We are in a rescue mentality. We’re in a, “I can handle it. I will make it happen. I will fix it,” mentality. Again, short term win, longterm loss. The kid never learns to do it for themselves. So those are probably the nuggets that I would summarize it all down to. The one thing that I will add is, my talk has evolved. In the beginning, I was trying to be analytical about it. I think I was trying to be very scholarly and analytical. My book has a ton of footnotes, it’s very well researched and I wanted to prove the point. And what I’ve learned over the years is, telling stories about my own over-parenting tendency, which turns out I’m very much complicit in the problem that I’m writing about.

Telling stories about myself is a way for me to make my audience laugh at me, but then we’re in the space of “We,” “Look what we’re doing to our kids. None of us wants to harm our kids, but let me tell you this crazy thing I just did.” It helps parents feel seen and heard instead of critiqued, and I find that’s the better way in to the problem. And then they’re much more willing to think about, “Okay, what are we going to do to turn this around?” So that’s my approach with parents. With kids, I try to instill the sense that you matter because you’re here, not because of your GPA. You are not a function of your GPA, you’re not more loved because your GPA is higher. You’re not less loved because your GPA is lower.

Many kids these days feel that all that matters to parents is academic or athletic or extracurricular progress and achievement. This goes back to the parent advice, which is love the kid you’ve got, not the kid you wished you had, often we’ll to make our kid into that amazing swimmer or that amazing math genius. Is that the kid’s aptitude and the kid’s dream or is that what we really wish our kid would be? So try to help kids understand their worth and value as a human is intrinsic to the fact of their existence rather than a function of their achievements.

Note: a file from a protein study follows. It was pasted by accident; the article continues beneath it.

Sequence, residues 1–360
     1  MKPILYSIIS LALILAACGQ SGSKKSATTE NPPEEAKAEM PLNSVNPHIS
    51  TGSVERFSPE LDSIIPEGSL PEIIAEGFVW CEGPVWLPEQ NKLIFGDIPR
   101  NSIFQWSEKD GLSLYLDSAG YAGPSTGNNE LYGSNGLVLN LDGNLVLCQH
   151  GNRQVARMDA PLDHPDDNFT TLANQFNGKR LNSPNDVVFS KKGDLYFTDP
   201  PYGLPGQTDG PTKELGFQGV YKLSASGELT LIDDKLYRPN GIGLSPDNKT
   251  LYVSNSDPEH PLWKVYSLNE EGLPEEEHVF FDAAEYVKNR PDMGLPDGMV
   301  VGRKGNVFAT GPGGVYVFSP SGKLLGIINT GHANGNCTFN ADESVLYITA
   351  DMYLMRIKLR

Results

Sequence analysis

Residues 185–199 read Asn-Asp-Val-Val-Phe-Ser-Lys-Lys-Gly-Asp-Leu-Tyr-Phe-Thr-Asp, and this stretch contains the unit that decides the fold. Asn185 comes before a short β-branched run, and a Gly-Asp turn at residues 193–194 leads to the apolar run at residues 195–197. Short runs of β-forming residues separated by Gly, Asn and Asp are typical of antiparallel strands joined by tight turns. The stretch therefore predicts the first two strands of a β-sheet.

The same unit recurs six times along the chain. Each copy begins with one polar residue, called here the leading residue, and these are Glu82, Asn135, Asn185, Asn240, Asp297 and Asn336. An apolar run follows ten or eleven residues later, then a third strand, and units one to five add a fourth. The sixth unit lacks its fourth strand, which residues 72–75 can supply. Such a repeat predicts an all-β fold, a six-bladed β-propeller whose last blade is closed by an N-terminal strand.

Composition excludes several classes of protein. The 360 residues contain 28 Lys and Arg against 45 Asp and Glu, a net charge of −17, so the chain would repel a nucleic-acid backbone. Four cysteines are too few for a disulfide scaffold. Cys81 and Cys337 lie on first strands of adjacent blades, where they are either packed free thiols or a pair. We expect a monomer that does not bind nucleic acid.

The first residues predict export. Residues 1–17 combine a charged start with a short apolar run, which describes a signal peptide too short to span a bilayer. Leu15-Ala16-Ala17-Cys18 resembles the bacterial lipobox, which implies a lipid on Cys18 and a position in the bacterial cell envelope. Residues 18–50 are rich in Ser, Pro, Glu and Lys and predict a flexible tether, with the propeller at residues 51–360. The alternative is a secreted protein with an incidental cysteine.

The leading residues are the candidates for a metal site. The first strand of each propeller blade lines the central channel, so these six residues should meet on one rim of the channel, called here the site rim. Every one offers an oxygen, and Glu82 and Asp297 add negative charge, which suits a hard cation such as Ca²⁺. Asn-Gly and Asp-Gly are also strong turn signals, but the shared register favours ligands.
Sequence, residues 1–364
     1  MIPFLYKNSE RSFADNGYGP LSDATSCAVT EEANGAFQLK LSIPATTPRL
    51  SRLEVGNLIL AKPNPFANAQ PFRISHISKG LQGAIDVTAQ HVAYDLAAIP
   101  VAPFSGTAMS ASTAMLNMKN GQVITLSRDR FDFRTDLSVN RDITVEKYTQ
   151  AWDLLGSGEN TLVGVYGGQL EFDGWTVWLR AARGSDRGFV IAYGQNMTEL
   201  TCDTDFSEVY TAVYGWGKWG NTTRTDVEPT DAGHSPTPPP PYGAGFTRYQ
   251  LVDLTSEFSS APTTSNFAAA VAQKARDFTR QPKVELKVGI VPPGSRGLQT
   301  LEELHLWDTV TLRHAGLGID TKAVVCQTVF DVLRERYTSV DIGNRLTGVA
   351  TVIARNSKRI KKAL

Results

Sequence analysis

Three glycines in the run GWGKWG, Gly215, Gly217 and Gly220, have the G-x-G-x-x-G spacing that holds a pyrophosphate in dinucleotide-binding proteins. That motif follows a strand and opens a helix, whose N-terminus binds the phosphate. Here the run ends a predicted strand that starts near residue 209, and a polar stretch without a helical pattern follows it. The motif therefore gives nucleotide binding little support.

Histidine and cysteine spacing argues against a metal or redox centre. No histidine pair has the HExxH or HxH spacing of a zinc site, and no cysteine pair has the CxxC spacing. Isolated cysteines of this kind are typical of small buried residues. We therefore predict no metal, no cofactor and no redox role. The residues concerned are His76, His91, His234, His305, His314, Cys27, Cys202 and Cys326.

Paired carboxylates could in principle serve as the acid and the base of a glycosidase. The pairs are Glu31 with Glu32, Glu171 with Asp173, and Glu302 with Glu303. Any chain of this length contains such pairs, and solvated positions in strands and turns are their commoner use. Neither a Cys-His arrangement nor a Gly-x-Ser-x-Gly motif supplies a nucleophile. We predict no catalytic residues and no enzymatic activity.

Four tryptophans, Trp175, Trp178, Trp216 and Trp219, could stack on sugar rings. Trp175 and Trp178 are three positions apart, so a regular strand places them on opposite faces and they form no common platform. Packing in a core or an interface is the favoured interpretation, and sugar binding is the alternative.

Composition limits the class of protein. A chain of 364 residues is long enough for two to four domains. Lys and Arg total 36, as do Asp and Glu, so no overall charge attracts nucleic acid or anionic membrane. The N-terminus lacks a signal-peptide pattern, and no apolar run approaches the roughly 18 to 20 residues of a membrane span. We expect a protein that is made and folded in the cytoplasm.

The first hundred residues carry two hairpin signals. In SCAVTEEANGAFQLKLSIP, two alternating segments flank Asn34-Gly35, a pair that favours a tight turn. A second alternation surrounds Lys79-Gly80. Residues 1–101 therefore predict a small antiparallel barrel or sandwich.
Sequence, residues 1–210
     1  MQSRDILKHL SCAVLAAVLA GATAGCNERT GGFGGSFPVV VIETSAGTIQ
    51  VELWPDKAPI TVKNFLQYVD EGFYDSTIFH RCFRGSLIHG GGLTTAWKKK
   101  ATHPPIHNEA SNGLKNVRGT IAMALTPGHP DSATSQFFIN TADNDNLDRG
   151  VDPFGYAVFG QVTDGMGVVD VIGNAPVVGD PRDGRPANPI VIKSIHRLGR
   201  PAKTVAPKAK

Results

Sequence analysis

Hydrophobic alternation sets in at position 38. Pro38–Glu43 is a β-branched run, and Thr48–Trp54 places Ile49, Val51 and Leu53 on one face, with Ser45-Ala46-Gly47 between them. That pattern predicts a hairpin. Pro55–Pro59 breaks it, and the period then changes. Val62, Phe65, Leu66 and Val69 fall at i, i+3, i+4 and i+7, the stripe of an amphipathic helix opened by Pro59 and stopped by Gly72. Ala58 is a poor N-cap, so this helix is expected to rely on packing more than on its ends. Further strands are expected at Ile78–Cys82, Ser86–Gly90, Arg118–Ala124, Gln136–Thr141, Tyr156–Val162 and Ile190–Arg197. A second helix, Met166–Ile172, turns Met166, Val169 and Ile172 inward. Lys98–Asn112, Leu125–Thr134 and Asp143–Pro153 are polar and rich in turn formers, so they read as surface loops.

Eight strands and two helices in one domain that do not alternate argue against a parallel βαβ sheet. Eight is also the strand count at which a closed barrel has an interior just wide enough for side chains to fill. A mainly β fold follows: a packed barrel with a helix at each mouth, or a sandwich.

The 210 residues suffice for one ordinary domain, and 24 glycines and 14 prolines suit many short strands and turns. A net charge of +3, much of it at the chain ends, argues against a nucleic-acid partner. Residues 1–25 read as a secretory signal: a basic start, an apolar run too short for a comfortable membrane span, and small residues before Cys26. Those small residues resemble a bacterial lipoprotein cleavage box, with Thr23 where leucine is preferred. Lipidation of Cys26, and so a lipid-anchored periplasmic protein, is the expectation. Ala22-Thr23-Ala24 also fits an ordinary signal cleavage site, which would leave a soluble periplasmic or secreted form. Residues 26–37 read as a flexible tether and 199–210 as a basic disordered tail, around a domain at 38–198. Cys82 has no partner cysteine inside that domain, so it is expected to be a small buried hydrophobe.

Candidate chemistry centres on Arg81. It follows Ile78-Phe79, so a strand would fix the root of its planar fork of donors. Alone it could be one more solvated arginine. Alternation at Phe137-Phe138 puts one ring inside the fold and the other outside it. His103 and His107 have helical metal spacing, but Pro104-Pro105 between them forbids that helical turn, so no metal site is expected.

And then I tell them a better checklist than the one they’re being given in life. My checklist to lead a successful, meaningful, happy life is, be kind, try hard, learn to think and do for yourself, widen your blinders about the colleges that are right for you. And when you get there, have the courage to study what you love, not what everyone tells you you have to study.

JENNIFER BROWN: Excellent. Oh, so good. This is great. So back to your point about you’re complicit in the problems you write about, and using the ‘We’ from the stage. I so agree. I speak to a lot of white audiences about diversity, equity and inclusion. And I think actually this is a really great segue into Real American, that I am doing this work myself and I’m on this journey myself and there are mistakes I make as I’m trying to learn. And I find that that connects me to the audience immediately, that I’m real, that I’m accessible, that I don’t have it all figured out. And that I’m acknowledging the journey that we’re all on, particularly as white members of our society.